The staging of HIV/AIDS-related cervical cancer follows the same system used for women with cervical cancer who do not have HIV. For cervical cancer, the staging system developed by the International Federation of Obstetrics and Gynecology (Federation Internationale de Gynecologie et d'Obstetrique or FIGO) is used.

Stage I: The cancer has spread from the cervix lining into the deeper tissue but is still just found in the uterus. It has not spread to other parts of the body.

Stage II: The cancer has spread beyond the uterus to nearby areas, such as the vagina or tissue near the cervix, but it is still inside the pelvic area. It has not spread to other parts of the body.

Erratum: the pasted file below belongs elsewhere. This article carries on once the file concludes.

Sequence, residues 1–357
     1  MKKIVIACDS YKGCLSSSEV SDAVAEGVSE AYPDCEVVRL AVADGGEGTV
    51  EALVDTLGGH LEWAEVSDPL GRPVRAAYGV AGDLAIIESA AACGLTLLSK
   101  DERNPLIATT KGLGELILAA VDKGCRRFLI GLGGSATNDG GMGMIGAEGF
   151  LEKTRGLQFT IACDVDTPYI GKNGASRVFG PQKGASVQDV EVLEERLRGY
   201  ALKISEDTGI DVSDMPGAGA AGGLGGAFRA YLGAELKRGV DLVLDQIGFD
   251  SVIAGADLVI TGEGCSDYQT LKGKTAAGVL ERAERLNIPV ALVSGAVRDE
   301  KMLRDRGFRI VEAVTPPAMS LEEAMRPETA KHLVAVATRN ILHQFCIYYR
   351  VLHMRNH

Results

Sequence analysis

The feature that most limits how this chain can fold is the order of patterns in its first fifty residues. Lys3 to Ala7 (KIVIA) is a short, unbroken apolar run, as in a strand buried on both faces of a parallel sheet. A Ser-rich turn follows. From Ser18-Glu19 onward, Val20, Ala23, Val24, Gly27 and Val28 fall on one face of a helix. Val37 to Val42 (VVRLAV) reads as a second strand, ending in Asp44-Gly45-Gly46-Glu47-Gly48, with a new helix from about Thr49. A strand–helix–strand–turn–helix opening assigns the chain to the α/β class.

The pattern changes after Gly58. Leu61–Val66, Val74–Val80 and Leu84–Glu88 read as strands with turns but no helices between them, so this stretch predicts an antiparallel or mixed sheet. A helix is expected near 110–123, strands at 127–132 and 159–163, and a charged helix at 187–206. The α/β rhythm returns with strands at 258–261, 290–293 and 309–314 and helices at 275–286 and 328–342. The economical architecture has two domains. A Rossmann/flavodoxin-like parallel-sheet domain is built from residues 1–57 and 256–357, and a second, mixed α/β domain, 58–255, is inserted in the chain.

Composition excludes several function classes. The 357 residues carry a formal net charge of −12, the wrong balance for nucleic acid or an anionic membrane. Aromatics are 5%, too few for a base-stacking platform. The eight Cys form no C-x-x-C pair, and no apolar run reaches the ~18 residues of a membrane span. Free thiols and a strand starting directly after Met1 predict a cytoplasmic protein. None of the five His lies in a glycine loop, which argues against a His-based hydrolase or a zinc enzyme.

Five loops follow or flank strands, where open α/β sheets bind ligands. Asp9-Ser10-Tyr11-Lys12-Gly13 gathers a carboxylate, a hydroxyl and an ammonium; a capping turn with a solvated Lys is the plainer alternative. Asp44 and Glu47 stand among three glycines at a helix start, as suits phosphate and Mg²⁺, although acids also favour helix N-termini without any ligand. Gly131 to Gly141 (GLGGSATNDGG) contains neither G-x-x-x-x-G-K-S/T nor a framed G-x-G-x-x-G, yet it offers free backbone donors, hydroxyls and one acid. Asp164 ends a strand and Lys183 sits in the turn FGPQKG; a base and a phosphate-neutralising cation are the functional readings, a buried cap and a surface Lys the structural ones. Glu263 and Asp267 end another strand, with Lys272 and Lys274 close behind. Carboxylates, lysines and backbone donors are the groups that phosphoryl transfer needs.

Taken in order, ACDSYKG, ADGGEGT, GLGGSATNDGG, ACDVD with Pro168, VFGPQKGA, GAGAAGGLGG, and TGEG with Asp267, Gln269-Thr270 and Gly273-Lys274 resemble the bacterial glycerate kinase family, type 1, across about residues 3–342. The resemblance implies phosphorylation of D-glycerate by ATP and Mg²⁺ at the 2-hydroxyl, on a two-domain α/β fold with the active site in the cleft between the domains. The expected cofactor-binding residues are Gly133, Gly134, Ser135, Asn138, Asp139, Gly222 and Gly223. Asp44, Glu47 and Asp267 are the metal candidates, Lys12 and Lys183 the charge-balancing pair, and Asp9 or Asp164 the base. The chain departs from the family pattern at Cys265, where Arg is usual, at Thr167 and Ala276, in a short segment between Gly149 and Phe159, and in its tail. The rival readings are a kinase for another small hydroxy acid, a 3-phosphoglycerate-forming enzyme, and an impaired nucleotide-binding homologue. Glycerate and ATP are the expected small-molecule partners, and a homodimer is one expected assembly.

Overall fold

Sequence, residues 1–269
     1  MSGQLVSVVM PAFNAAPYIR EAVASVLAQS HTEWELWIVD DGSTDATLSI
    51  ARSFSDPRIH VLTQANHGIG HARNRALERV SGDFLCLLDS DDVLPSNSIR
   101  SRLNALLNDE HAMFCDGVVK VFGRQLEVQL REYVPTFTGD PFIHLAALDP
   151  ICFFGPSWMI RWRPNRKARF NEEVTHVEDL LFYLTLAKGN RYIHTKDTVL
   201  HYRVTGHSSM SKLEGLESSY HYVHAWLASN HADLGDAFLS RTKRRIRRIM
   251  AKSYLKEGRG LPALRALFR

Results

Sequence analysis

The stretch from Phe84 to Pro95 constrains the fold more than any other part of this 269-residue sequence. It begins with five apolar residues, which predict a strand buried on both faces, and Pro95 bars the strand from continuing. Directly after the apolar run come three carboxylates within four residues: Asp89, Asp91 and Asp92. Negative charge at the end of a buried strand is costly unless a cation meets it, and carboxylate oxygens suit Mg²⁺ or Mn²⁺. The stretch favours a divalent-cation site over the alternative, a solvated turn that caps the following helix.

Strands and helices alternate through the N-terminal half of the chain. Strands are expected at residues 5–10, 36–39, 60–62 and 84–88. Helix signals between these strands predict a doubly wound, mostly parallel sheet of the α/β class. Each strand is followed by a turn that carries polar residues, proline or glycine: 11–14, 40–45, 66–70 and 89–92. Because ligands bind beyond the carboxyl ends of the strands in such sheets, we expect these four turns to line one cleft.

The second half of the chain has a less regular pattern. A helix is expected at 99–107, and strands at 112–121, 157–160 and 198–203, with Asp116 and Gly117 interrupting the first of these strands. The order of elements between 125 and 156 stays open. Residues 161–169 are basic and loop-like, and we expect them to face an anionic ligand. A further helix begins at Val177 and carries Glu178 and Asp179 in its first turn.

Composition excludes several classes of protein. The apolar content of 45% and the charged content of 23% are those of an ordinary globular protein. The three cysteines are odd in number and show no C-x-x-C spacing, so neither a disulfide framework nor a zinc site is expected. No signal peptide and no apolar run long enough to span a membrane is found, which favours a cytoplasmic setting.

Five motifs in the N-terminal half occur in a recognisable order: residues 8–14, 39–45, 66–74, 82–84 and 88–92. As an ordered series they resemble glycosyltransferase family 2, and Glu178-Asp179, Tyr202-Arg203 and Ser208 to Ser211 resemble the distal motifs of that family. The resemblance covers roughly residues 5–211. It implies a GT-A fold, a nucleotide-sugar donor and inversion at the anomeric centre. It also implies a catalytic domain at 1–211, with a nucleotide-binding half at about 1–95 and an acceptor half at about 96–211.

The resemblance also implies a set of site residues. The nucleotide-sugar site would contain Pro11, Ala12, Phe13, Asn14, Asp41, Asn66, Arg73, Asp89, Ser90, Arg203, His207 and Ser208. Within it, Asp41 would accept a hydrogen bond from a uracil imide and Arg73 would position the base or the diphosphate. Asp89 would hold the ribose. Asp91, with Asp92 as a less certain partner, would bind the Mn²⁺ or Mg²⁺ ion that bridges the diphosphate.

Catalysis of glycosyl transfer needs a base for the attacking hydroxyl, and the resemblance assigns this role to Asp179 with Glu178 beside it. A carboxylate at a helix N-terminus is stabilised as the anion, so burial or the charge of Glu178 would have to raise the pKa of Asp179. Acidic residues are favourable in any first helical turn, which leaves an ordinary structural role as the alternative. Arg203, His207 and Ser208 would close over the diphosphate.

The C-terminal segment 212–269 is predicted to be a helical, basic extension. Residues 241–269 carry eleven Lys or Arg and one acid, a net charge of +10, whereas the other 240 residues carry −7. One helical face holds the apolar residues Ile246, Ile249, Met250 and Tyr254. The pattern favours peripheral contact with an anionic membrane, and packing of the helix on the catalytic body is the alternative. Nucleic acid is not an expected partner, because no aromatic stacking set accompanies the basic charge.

Stage III: The tumor involves the lower third of the vagina, and/or has spread to the pelvic wall, and/or causes swelling of the kidney, called hydronephrosis, or stops a kidney from functioning, and/or involves regional lymph nodes. There is no distant spread.

Stage IVA: The cancer has spread to the bladder or rectum, but it has not spread to other parts of the body.

Stage IVB: The cancer has spread to other parts of the body.

Recurrent: Recurrent cancer is cancer that has come back after treatment. It may come back in the cervix or in another part of the body. If the cancer does return, there will be another round of tests to learn about the extent of the recurrence. These tests and scans are often similar to those done at the time of the original diagnosis.

Learn more about cervical cancer staging.

Information about the cancer’s stage will help the doctor recommend a specific treatment plan. The next section in this guide is Types of Treatment. Use the menu to choose a different section to read in this guide.